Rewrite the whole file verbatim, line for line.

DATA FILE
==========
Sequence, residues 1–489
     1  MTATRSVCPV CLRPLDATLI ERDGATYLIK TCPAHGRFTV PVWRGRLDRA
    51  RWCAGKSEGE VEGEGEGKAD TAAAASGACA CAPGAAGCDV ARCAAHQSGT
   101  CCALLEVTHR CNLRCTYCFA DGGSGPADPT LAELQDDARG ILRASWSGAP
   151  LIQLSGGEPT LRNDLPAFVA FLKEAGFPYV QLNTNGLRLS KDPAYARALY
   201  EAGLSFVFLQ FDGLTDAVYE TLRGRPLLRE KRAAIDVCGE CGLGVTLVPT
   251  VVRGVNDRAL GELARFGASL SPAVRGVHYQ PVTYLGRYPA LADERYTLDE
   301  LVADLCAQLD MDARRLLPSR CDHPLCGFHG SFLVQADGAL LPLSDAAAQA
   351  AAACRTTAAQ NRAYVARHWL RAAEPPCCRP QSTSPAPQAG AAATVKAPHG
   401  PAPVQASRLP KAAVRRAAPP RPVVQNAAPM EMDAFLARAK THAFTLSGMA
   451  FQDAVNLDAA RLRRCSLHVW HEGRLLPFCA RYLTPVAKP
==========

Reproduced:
Sequence, residues 1–489
     1  MTATRSVCPV CLRPLDATLI ERDGATYLIK TCPAHGRFTV PVWRGRLDRA
    51  RWCAGKSEGE VEGEGEGKAD TAAAASGACA CAPGAAGCDV ARCAAHQSGT
   101  CCALLEVTHR CNLRCTYCFA DGGSGPADPT LAELQDDARG ILRASWSGAP
   151  LIQLSGGEPT LRNDLPAFVA FLKEAGFPYV QLNTNGLRLS KDPAYARALY
   201  EAGLSFVFLQ FDGLTDAVYE TLRGRPLLRE KRAAIDVCGE CGLGVTLVPT
   251  VVRGVNDRAL GELARFGASL SPAVRGVHYQ PVTYLGRYPA LADERYTLDE
   301  LVADLCAQLD MDARRLLPSR CDHPLCGFHG SFLVQADGAL LPLSDAAAQA
   351  AAACRTTAAQ NRAYVARHWL RAAEPPCCRP QSTSPAPQAG AAATVKAPHG
   401  PAPVQASRLP KAAVRRAAPP RPVVQNAAPM EMDAFLARAK THAFTLSGMA
   451  FQDAVNLDAA RLRRCSLHVW HEGRLLPFCA RYLTPVAKP